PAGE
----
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April 2018
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More Drug Lab Misconduct Results In Massachusetts Court Tossing Nearly 12,000 Convictions

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If everything keeps falling apart in Massachusetts, there won't be a drug conviction left in the state. The eventual fallout from the 2012 conviction of drug lab technician Annie Dookhan was the reversal of nearly 21,000 drug convictions. Dookhan was an efficient drug lab worker -- so efficient she often never performed the tests she was required to. The state moved much slower, dragging its feet notifying those possibly affected by Dookhan's lab misconduct until a judge told it to stop screwing around. There still could be more reversed convictions on the way as the state continues to make its way through a 40,000-case backlog.Those numbers alone are breathtaking. But there are even more conviction dismissals on the way. Another drug lab technician convicted for stealing samples to feed her own drug habit has tainted thousands of additional drug prosecutions. A judicial order related to her questionable drug tests is erasing a whole bunch of prosecutorial wins.

The Committee for Public Counsel Services (CPCS) and the ACLU (American Civil Liberties Union) of Massachusetts said Thursday an estimated 11,162 convictions in 7,690 cases tainted by former state drug lab chemist Sonja Farak were ordered for dismissal by Supreme Judicial Court Associate Justice Frank Gaziano.
Farak apparently used whatever drugs she came across during her decade-plus with the Amherst, MA drug lab. This lab was inspected in 2012 by state police, shortly after the Boston lab was shut down following the discovery of Annie Dookhan's misconduct. This apparently cursory inspection turned up nothing, and the police who can smell drugs the moment they pull over a car apparently couldn't tell Farak had smoked crack just prior to her interview with state police inspectors. Her misconduct wasn't discovered until 2013 -- nearly eight years after Farak began using drug lab drugs regularly.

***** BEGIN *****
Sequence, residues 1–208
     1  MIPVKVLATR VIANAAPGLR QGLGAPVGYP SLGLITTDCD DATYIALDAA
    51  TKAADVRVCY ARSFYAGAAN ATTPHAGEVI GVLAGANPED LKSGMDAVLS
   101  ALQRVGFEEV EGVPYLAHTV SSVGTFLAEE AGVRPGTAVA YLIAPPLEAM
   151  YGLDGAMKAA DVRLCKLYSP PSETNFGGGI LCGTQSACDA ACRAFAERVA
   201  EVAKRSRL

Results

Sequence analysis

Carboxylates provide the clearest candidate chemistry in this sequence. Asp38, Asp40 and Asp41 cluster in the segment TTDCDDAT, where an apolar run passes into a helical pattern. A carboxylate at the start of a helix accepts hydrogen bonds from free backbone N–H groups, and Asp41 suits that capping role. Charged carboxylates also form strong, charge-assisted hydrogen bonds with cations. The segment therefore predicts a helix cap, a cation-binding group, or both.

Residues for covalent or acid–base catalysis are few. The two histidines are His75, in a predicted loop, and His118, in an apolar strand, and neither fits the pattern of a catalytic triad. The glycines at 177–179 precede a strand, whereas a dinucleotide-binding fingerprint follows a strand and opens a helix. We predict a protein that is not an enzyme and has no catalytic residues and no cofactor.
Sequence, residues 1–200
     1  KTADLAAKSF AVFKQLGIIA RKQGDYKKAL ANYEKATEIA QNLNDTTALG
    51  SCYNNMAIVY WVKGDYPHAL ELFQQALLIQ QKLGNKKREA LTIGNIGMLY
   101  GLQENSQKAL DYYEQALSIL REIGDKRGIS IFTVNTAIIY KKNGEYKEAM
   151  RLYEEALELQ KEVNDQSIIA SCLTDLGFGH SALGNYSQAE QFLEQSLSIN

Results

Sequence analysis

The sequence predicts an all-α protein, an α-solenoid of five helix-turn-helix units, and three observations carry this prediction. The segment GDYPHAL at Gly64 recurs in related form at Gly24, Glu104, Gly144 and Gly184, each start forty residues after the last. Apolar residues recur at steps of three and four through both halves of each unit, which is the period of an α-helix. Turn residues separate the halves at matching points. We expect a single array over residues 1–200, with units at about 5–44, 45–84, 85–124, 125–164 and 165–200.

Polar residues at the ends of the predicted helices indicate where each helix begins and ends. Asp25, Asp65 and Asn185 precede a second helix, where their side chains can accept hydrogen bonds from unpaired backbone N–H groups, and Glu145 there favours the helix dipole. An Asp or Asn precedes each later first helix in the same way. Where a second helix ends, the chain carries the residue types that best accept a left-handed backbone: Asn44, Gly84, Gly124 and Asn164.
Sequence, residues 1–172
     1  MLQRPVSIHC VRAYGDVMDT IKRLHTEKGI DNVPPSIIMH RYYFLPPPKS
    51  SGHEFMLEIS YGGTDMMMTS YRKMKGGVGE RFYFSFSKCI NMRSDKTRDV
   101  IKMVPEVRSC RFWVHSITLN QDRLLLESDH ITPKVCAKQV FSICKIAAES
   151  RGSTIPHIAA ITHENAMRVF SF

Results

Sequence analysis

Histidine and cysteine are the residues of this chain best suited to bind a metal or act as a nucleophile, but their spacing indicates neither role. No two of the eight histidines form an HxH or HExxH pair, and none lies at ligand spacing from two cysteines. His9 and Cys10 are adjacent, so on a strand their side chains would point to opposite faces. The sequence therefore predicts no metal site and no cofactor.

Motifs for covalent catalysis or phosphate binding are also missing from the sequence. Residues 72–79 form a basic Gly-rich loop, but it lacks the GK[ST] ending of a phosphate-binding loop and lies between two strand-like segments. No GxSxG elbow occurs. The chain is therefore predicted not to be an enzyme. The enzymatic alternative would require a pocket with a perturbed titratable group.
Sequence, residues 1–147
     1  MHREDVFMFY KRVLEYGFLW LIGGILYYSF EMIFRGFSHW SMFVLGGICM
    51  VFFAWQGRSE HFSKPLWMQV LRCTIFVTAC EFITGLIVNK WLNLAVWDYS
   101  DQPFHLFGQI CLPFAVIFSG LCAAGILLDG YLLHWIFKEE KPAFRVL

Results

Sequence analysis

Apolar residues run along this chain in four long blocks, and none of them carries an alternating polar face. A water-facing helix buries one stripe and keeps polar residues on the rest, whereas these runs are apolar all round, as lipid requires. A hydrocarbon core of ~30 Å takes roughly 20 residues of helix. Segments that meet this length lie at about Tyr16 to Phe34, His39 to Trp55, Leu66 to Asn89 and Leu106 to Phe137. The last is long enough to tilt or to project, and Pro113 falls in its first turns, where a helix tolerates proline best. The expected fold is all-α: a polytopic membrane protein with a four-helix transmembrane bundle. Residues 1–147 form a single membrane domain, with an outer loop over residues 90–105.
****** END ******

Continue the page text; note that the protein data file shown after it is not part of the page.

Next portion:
By 2010, Farak was snorting, smoking and swallowing not only the lab “standards” but also the police-submitted evidence, frequently siphoning from the powder cocaine. In one case in 2012, where police in Chicopee, Mass., had seized a kilo of cocaine, Farak “took approximately 100 grams from the same and used it to manufacture base cocaine” — crack — “at the Amherst Lab.” She also began seeking treatment for her addictions, the report states, creating another source of records about her drug use. Soon she began stealing from her co-workers’ samples as well, and manipulating the computer databases so that wasn’t noticed. Finally, a colleague looking for some of Farak’s lab samples found they had been tampered with, and she happened to get caught in January 2013.
Once this was uncovered, the state attorney general's office released a regrettable statement claiming Farak's eight years of drug use wouldn't "undermine any cases. Three years later, a full report showed Farak's abuse of her position affected nearly 8,000 cases. It also uncovered a complete lack of standards in the Amherst lab. According to the AG report [PDF], lab security was almost nonexistent. The running of "blanks" through testing equipment (to clear residue from previous drug tests) was supposed to happen after every test to avoid tainting new tests with previously-tested substances. In reality, this only happened "every 5 to 10" tests and was wholly at the tester's discretion.The exposure of additional drug lab misconduct is more than concerning. It's terrifying. Based on results from labs subject to minimal standards, security precautions, and state oversight, people were being incarcerated. Drug sentences are notoriously harsh. Stealing from people is treated as a less severe violation than selling someone drugs they want to purchase. So is rape, assault, and a number of other crimes where no consensual transaction takes place. And yet, the evidence in these cases -- the ones capable of delivering 25-year-minimums and life sentence-equivalents -- is treated carelessly by the labs testing substances and the government overseeing them.